|Posted by: Loan101 Aug 23 2004, 10:51 AM
| What is the detailed way of calculating a Debt Service Covarage (what is supposed to be 1.20x or higher) the UCA Cash Flow way as aposed to the traditional way???
|Posted by: loanuniverse Aug 23 2004, 11:44 AM
| Hmmmm, Debt Service Coverage calculation…. Essentially, you can calculate DSC from both traditional and UCA cash flow. However, most lenders will use traditional cash flow to come up with the ratio.
The ratio is calculated by taking cash available to service debt and dividing that amount by the combined debt service.
How do you come up with the cash available to service debt?
Easy, you get the traditional cash flow
Start with net income
Add interest expense
The resulting amount will be the traditional cash flow or cash available to service debt. This is your numerator.
How do you calculate your combined debt service?
This is the sum of the existing interest expense, the CPLTD of any term loan, and the debt service for the proposed loan.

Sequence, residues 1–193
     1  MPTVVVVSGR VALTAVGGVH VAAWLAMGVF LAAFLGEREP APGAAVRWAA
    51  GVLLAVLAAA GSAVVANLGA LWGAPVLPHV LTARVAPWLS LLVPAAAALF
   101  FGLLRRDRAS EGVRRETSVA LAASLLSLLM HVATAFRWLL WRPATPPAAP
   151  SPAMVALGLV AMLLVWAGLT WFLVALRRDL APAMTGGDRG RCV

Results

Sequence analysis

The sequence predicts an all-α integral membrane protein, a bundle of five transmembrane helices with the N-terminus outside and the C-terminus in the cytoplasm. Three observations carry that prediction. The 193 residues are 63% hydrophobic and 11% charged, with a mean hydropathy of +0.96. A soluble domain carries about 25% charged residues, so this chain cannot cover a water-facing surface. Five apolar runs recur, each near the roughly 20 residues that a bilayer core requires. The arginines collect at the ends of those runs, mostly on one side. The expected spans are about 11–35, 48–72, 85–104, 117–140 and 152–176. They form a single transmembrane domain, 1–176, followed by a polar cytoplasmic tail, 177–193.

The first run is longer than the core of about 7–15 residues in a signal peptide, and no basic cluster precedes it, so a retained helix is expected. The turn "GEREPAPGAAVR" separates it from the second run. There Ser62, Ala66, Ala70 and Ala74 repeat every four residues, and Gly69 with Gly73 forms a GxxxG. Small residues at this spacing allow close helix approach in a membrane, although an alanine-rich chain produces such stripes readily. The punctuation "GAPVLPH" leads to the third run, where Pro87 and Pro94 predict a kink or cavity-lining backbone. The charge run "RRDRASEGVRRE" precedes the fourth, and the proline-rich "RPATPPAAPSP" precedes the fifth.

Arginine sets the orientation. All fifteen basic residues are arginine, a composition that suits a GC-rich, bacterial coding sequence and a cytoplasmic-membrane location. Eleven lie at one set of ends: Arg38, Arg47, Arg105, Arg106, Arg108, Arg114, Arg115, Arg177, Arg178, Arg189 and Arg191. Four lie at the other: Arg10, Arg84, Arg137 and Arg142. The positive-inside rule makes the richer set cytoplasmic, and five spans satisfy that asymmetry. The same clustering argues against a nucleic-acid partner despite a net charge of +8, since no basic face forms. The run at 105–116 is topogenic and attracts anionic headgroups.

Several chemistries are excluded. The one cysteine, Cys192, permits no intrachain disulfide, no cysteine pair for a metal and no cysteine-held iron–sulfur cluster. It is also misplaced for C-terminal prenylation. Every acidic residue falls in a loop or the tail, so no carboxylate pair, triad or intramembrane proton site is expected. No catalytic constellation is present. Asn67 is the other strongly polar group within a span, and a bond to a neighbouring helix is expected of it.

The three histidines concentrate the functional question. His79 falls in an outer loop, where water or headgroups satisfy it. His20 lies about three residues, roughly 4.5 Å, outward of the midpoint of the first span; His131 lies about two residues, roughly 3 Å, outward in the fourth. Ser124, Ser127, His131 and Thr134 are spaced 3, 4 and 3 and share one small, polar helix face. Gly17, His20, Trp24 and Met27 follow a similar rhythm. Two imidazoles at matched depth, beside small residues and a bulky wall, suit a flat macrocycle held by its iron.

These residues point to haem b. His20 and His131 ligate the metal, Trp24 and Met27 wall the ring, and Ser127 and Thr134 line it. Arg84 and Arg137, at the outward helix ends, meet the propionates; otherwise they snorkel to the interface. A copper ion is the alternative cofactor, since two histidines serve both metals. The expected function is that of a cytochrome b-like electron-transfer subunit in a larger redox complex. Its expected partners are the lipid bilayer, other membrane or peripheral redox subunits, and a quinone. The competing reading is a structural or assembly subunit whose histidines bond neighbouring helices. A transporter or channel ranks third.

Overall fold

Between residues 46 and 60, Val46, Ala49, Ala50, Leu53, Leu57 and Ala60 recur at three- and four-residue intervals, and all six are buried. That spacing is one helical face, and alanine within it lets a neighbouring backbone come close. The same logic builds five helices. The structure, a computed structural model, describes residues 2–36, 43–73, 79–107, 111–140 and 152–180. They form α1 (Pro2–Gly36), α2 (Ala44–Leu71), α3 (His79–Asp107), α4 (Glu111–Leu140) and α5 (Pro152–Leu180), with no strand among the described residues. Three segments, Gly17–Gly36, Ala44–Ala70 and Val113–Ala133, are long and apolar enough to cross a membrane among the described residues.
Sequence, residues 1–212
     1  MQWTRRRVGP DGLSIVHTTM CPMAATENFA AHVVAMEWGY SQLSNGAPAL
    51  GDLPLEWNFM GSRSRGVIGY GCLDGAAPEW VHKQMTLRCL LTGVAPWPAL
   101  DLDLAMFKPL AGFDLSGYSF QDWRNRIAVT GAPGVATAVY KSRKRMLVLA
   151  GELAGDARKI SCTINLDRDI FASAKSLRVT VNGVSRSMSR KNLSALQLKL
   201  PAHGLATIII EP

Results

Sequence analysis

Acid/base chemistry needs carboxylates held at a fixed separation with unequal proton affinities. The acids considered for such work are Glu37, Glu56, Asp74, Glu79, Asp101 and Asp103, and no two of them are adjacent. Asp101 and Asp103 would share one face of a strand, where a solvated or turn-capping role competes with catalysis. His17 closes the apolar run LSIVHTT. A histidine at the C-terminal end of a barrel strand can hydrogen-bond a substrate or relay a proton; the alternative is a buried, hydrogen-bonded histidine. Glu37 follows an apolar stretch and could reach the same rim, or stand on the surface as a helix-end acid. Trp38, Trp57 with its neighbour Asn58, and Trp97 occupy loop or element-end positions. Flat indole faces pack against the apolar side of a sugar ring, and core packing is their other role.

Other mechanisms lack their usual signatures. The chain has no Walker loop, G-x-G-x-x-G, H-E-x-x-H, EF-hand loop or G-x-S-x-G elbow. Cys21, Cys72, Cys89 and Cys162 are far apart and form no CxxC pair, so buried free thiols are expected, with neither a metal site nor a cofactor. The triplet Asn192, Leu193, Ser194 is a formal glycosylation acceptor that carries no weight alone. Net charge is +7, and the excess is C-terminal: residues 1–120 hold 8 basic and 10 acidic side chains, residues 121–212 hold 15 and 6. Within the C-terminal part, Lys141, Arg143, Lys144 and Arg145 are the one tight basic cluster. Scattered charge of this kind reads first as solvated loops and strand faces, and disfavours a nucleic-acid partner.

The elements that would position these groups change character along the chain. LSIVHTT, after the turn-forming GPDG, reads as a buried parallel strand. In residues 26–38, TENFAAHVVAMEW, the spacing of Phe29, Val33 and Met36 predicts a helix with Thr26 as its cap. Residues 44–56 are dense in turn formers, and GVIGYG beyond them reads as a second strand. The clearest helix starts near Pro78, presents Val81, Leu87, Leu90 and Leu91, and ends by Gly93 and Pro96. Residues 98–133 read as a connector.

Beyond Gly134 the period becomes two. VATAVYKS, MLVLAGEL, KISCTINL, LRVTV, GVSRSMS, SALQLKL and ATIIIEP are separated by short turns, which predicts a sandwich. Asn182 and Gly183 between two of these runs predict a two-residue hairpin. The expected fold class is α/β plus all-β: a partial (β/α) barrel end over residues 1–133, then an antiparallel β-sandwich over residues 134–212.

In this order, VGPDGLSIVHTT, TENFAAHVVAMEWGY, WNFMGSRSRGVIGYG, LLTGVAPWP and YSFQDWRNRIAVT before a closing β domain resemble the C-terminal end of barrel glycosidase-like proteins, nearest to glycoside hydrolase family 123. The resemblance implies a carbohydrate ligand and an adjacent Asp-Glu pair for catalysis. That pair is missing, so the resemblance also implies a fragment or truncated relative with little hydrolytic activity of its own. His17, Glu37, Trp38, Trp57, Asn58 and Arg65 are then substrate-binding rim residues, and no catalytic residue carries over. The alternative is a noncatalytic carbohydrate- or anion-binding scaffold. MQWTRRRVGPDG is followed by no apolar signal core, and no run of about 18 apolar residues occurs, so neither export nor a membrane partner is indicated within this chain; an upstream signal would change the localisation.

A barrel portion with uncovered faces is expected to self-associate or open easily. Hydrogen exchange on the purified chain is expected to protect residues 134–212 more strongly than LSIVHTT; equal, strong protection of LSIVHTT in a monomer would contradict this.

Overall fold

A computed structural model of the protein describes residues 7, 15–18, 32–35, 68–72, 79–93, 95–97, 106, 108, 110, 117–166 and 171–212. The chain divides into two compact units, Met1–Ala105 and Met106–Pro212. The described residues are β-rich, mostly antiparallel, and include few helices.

Take into account that the example above is very simplified and that there might be other numbers involved. If you work for a financial institution, your best source would be to look at some credit files and see how the analysts performed the calculation. It is much easier to understand with actual numbers.
When people talk about DSCR being at least 1.20X, they mean that the cash available to service debt is at least 120% of the combined debt service.
|Posted by: Loan101 Aug 23 2004, 01:06 PM
| Thanx for the reply but i knew all that. That is why as asked for the UCA cash flow calc (formula) as aposed to the traditional way. I think the answer is Net Cash After Operations divided by the sum of CPLTD of and term plus the debt service of the proposed loan. is that right???
|Posted by: loanuniverse Aug 23 2004, 01:46 PM
If you are working of spreads created by Winfast / Famas or Moody's Financial Analyst. The NCAO would replace the "cash available for debt service".
The difference with UCA, besides the fact that takes into account changes in balance sheet accounts is that you start calculating it with cash collected from sales, while traditional cash flow starts with net income. For practical terms Net Cash After Operations or NCAO should be considered as being available to service existing and proposed debt.
P.S.: don't forget that existing interest expense remains unless you are paying off that loan.